Case Brief: Gonzales v. Hernandez

G.R. No. L-15482. May 30, 1961.

GUILLERMO GONZALES, Petitioner-Appellant,

v.

THE HON. JAIME HERNANDEZ, as Secretary of Finance and JOVENCIO FOJAS, Respondents-Appellants.

 

Facts:

Petitioner Gonzales was appointed attorney-agent of Investigation and Secret Service Division, Department of Finance. But in an administrative case instituted against him, he was found guilty of disreputable conduct prior to entering the service, and called upon to resign or be separated for cause as per decision of the Commissioner of Civil Service. In view of this, Gonzales filed a letter of resignation, which was then accepted by the Undersecretary of Finance. Subsequently, his wife was appointed for the position, and then it was transferred over to respondent Fojas; on the otherhand, Gonzales worked for GSIS.

Eventually, the Civil Service Board of Appeals modified the decision of Commissioner of Civil Service, and imposed upon Gonzales a suspension of two months without pay. When he went to Department of Finance to report for duty, the Department of Finance could not reinstate him, alleging that there was an abandonment of work.

Lower court: Undersecretary of Finance had no right to treat petitioner’s conditional resignation as an absolute one, and that the Undersecretary’s unconditional acceptance of petitioner’s conditional resignation is equivalent to a rejection of said resignation and petitioner’s position did not become vacant thereby; that petitioner’s acceptance of an emergency position in the Government Service Insurance System is not an abandonment of the position in question, as it is not incompatible with his claim for reinstatement; that the appointment of respondent Fojas to the position of the petitioner is only temporary in nature.

 

Issue:

Was there a valid resignation? Did he abandon his position by accepting another position in GSIS?

 

Held:

  1. PUBLIC OFFICERS; RESIGNATION; WHEN NOT DEEMED COMPLETE AND OPERATIVE. — Where an an employee’s resignation from his position in the government service was made expressly “subject to the result of my appeal to the Civil Service Board of Appeals, there is no resignation to speak of, because to constitute a complete and operative act of resignation, the officer or employee must show a clear intention to relinquish or surrender his position.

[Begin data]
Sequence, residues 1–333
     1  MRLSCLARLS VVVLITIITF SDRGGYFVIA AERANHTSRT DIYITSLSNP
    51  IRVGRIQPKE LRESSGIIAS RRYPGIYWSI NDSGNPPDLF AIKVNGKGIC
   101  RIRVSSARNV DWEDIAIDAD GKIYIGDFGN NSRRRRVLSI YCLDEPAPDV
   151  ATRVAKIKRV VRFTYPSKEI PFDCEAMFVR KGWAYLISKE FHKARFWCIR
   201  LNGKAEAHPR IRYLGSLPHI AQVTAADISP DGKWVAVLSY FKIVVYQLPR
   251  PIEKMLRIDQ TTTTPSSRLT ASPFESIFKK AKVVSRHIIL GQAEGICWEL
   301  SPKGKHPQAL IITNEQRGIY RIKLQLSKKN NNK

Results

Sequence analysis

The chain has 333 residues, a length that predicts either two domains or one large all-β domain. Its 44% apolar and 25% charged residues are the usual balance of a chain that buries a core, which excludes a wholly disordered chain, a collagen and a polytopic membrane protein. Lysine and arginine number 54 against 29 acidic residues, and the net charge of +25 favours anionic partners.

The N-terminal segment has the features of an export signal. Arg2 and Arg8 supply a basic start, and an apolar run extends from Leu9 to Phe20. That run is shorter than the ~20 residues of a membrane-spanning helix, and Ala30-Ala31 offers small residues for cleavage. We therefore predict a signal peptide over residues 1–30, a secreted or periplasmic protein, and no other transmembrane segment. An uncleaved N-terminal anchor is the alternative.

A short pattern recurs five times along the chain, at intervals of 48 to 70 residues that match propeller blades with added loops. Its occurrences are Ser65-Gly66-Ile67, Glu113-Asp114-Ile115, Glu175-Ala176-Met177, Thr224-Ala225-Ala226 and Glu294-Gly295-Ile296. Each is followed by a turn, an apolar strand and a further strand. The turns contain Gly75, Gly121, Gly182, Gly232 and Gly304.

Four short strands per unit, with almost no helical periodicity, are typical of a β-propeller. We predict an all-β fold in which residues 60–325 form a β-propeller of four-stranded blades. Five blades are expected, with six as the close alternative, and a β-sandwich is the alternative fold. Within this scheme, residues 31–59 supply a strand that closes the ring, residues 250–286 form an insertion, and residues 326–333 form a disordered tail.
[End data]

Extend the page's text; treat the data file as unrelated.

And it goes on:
2. ID.; ID.; ACCEPTANCE OF EMERGENCY POSITION AFTER CONDITIONAL RESIGNATION; WHY NOT AN ABANDONMENT OF OLD POSITION. — The acceptance, by an employee who resigned conditionally from his position pending the termination of his case in the Civil Service Board of Appeals, of another position as emergency laborer in a government corporation, does not constitute an abandonment of his old position, because his temporary employment is not incompatible with his old position, and he could resign from the same any time, as soon as his case had been definitely decided in his favor.
  3. ID.; ID.; WHY OBJECTION TO REINSTATEMENT AFTER WIFE’S APPOINTMENT TO SAME OFFICE NOT TENABLE. — Where an employee’s wife was appointed in the same office where the husband was employed before his conditional resignation therefrom, no objection can be made on this account to husband’s reinstatement, since he was already employed before his wife was appointed. If any objection is to be made at all, it should be against the wife’s appointment, not his own.
  4. ID.; ID.; ID.; PAYMENT OF BACK SALARIES NOT PROPER IF EMPLOYEE WAS NOT COMPLETELY EXONERATED. — Back salaries may be ordered paid to an officer or employee only if he is exonerated of the charge against him and his suspension or dismissal is found and declared to be illegal. They should not be ordered paid where the employee was not completely exonerated, as where, although the decision of the Commissioner of Civil Service was modified and the employee was allowed to be reinstated, the decision ordered him to forfeit two months pay and not to be given back salaries.
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